…when I looked at her I saw Chaz. Chaz. A fact. A person of enormous importance to me. Chaz. A history. Memories. Love. Passion. Laughter. Her Chaz-ness filled my field of vision. Yes, I see that she is black, and she sees that I am white, but how sad it would be if that were in the foreground.

This perfectly echoes the sentiment expressed by John Legend, which I talked about some weeks ago. It’s not a crime to see race; the problem lies in how large racial identity looms in your mind when forming opinions about someone else. Roger and Chaz don’t love each other despite their racial difference, it just doesn’t play an important role in their relationship.

Finally, Mr. Ebert arrives at his original subject matter:

What I cannot imagine is what it would be like to be one of those people driving past in their cars day after day and screaming hateful things out of the window. How do you get to that place in your life? Were you raised as a racist, or become one on your own?

It’s here where I step off Mr. Ebert’s track. Race and racism aren’t mysteries, they aren’t baffling quirks of humanity that have no explanation. Racism is ingrained in our culture, so much so that we don’t see it. We’re doubly-cursed because we are told that we’re not allowed to talk about it. As a result, we don’t know what racism actually is, except when it’s too obvious to ignore. Then we distance ourselves from “those people” and comfort ourselves by saying “well I’m not a racist, because I would never scream obscenities at children.” It’s a dangerous downward comparison that shields us from having to address the issues in our own lives, rather than admitting our own faults and areas where we can improve.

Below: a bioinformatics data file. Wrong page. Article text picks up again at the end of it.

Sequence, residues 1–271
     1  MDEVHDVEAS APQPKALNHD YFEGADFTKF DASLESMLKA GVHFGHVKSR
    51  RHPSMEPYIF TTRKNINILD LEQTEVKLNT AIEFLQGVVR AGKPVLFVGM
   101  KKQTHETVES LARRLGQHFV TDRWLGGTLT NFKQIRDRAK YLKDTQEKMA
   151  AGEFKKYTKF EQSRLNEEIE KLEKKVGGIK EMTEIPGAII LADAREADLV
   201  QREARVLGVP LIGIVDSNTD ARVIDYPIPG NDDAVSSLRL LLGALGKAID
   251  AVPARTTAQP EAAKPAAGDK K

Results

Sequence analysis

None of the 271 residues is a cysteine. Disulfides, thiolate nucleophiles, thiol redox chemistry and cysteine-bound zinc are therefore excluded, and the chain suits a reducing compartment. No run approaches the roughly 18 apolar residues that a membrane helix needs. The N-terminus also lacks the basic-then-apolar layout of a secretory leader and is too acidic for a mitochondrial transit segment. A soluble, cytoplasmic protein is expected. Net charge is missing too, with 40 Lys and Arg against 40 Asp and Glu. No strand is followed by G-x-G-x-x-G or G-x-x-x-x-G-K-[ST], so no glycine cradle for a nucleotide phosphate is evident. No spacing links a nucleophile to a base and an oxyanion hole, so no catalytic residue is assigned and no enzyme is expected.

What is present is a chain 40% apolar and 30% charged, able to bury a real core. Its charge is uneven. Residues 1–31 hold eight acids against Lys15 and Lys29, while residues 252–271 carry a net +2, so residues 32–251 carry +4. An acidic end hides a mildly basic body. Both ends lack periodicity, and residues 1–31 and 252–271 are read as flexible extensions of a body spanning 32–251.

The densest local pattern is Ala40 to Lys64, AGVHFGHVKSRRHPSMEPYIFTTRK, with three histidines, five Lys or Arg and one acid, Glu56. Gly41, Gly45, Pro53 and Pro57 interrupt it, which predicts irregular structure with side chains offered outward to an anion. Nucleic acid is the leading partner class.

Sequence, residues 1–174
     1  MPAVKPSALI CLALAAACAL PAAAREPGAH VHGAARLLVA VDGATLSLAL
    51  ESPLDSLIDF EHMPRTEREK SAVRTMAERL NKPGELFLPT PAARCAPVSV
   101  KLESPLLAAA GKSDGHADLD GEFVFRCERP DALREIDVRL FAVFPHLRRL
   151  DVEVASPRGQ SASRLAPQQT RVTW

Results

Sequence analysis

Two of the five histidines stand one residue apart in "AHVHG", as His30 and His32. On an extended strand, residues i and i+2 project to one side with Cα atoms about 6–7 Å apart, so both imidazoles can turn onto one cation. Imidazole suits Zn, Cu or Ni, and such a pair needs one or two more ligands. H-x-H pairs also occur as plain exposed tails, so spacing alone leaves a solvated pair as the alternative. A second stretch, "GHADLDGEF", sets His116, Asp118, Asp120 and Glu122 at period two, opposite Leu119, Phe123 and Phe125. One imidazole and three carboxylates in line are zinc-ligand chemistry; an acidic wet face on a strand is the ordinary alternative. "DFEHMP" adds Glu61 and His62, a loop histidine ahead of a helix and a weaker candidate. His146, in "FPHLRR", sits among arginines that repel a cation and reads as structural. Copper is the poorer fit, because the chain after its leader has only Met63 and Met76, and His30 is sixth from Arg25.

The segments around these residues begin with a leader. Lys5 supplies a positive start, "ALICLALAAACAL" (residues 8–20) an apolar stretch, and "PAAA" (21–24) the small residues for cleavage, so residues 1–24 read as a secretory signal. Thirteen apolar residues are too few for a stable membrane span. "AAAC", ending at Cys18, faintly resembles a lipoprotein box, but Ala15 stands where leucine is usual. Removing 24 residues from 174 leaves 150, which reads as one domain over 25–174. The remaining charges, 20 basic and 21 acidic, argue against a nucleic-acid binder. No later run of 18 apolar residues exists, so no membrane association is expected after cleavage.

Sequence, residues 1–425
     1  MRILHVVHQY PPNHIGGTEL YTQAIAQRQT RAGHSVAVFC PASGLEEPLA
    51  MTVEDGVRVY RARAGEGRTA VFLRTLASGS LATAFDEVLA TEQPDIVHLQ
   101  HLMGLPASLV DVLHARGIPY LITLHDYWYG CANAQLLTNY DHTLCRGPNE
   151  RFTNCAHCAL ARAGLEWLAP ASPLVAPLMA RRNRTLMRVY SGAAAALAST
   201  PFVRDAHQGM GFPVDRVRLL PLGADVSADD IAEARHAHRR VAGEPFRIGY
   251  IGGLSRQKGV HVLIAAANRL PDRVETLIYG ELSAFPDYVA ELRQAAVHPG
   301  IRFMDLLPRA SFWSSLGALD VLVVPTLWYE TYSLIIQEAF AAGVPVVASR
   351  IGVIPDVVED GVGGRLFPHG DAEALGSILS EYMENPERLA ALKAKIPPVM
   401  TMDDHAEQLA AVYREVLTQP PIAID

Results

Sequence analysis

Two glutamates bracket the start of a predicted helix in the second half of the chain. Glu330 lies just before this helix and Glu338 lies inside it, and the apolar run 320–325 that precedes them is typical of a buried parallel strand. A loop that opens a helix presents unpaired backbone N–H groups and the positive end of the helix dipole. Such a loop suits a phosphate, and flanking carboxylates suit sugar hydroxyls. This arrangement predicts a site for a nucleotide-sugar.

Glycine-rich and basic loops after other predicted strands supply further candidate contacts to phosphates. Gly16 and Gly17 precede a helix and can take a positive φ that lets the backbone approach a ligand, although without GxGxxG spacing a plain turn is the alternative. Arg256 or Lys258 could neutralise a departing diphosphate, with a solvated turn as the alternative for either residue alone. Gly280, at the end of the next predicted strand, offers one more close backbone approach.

If you haven’t clicked on the link and read the whole article, I urge you to do so. It’s an amazingly poignant relation of a white person’s experience of race and racism in a modern context, and provides a rich historical context. I wish more people had the courage to do what Roger has done – talk about race in an open, honest, and vulnerable way. I can only hope that some day I will reach his level of Word-Fu.


  1. Pat Dixon says

    Re “we are told that we’re not allowed to talk about it.”
    Racism? I am almost 69, and I don’t recall ever hearing anyone be told not to talk about it. In my experience, it’s as difficult to get people interested in talking about it as it is to get them to talk about poverty or the U.N., or anything deeper than a puddle! They’d rather talk about the World Cup or the weather. And I fear it’s in that taught shallowness we’ll find the roots of our doom. Sorry to be so gloomy 🙁

  2. says

    We’re discouraged from talking about race, Pat. particularly those of us who are white people. We’re taught from a young age that it is a sin to notice race or have it play a part in any decision-making process.

    I’ve found that some people are willing to discuss and debate real issues. I don’t have the wealth of your life experience though, so I may be looking at the world with wide-eyed idealism rather than sober realism.

    Always a pleasure to have your comments.